Here's Why the FOIA Should Also Apply to Congress, Just as it Does Now to Executive Branch
It comes up in public discussion only occasionally but it has always struck me that Congress routinely exempts itself from laws it passes for the rest of us. The Freedom of Information Act is an important example and Northwestern University Law Professor Steven G. Calabresi offers the perfect illustration of why.
Calabresi argues in the latest issue of The Weekly Standard that Sen. Charles Schumer, the New York Democrat leading the charge of the Senate minority in demanding the Bush administration hand over for public examination thousands of pages from Supreme Court nominee John Roberts' days as a senior political appointee in the Justice Department and the White House Counsel's office, should be willing to take a large dose of his own medicine.
Whatever one thinks of the propriety of Schumer's request (and I happen to be among those who believe all such documents should be available on some basis, even if only for historical research). the New York senator has opened what could be a genuine can of worms for Congress.
Calabresi explains why by observing that:
"Evaluation of whether Schumer is or is not on a fishing expedition is impossible given the public record as it stands now. Accordingly, Senate Republicans and the administration should call on Senator Schumer to immediately release and make public all conversations and emails between the senator and his staff, between Schumer staffers and outside left-wing advocacy groups, and between Schumer staffers themselves relating to the Roberts nomination.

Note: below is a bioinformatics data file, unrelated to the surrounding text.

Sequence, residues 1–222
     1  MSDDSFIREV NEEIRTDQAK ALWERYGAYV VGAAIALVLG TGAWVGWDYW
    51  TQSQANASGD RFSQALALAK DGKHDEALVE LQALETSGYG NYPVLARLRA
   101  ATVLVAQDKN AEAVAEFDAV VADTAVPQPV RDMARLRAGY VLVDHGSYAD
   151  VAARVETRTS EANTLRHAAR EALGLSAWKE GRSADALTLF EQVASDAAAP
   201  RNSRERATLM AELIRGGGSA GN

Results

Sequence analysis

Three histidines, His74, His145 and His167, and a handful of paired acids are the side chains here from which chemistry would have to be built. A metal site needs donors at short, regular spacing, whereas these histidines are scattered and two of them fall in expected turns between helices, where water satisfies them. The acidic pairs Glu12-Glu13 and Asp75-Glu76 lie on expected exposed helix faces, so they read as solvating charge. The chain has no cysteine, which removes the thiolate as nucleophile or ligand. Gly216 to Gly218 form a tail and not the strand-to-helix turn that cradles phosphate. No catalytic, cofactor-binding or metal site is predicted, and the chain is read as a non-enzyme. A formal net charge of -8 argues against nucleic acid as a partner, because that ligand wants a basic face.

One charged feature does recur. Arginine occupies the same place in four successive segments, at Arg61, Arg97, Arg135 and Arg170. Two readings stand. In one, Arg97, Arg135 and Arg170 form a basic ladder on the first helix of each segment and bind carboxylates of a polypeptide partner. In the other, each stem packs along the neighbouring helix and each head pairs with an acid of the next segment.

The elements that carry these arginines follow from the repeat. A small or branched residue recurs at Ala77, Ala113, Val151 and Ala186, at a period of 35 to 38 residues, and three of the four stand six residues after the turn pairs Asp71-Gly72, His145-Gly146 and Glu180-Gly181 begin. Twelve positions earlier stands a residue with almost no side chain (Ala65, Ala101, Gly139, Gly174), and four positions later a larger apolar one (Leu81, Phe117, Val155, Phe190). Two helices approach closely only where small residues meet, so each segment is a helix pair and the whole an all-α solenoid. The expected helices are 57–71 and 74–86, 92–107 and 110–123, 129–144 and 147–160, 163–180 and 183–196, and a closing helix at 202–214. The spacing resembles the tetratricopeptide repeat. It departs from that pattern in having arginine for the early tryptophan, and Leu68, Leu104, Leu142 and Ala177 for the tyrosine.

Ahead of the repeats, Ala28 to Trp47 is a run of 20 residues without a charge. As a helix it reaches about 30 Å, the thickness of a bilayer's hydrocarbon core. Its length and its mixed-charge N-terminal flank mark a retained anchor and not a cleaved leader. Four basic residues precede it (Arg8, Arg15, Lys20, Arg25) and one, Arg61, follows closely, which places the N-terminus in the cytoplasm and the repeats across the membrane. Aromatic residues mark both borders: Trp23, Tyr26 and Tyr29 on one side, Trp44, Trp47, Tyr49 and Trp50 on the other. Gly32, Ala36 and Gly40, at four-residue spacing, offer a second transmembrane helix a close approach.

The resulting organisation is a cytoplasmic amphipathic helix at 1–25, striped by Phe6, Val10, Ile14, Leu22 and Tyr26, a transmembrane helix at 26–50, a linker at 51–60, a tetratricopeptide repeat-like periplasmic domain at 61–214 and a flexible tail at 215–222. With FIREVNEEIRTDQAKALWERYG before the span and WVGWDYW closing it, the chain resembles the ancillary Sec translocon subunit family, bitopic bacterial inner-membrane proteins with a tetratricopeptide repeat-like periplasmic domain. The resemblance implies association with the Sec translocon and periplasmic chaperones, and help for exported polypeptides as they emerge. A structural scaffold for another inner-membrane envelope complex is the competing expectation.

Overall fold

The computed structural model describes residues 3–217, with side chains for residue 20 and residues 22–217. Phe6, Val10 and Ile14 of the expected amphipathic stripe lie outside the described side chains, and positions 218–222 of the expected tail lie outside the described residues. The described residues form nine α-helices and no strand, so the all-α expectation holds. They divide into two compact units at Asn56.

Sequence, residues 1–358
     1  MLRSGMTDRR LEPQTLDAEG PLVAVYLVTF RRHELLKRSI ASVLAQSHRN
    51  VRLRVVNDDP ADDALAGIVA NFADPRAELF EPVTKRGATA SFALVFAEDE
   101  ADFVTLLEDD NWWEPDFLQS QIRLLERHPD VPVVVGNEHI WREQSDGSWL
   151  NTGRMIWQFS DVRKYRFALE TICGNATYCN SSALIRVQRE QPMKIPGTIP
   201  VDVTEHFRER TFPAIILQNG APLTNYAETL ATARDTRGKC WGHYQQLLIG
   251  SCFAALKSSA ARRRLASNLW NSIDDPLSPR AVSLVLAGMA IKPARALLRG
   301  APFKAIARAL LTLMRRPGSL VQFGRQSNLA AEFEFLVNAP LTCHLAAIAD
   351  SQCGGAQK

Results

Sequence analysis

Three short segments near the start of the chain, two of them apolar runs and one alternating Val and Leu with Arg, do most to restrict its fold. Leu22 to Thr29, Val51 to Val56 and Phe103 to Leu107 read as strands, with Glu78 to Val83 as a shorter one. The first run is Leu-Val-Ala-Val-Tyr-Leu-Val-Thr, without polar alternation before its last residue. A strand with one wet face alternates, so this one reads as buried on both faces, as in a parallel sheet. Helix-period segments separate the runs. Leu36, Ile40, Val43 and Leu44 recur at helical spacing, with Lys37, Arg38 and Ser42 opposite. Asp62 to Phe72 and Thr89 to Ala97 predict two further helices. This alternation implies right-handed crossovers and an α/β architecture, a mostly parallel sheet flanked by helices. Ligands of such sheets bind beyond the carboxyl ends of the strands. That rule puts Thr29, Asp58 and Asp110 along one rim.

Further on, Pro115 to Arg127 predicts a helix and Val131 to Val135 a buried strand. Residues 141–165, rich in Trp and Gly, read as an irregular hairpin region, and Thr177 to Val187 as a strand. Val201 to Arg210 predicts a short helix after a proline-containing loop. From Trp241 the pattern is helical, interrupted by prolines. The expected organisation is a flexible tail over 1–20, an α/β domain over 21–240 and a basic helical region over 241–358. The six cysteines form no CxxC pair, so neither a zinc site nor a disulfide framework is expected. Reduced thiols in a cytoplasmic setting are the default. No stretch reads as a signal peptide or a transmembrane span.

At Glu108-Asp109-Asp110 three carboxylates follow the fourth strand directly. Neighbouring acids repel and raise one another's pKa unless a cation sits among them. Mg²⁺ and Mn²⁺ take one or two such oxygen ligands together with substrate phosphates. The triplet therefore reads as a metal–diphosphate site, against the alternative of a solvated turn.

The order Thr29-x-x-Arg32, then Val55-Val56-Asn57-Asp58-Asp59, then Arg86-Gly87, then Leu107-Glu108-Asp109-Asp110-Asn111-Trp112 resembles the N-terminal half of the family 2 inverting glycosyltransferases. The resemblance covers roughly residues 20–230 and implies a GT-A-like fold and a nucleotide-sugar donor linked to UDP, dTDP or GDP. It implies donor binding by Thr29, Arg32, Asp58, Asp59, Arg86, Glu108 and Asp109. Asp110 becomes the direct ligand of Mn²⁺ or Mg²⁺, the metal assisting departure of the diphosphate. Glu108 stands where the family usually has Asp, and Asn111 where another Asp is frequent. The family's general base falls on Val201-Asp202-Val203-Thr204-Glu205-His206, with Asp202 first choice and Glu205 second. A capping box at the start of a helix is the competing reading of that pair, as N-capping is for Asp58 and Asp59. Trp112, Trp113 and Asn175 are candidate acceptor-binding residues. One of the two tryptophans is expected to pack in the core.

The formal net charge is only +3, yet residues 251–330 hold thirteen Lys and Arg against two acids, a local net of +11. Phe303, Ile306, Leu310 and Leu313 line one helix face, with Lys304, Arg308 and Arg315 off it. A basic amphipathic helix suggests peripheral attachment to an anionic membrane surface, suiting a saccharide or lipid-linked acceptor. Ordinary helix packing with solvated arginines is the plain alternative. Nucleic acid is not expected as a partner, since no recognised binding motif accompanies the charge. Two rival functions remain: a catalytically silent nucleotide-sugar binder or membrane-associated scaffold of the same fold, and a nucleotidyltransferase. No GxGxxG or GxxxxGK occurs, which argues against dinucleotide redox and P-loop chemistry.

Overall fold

"Schumer should also be required to release phone records of all telephone and cell phone calls that were placed between his office and outside advocacy groups since the Roberts nomination."
Don't expect Schumer to drop what he and his staff are doing and rush to the copying machines to comply with the professor's request. They don't have to because the FOIA doesn't cover Congress and Congress has long made it a point to keep its internal administrative and communications materials under lock and key.
Schumer could strike a blow for the sort of tranparency he demands of the Bush White House by voluntarily complying with Calabresi's suggestion as a gesture of good faith and logical consistency. I suspect John Roberts will awaken tomorrow with a third ear growing out of his forehead before Schumer takes such action.
Perhaps Schumer - who talks a great deal about the vital importance of transparency in the executive branch - would join his similarly inclined Democrat colleage from Vermont, Sen. Patrick Leahy, in offering legislation amending the FOIA and including Congress under its authority?
You can read all of Professor Calabresi's article here.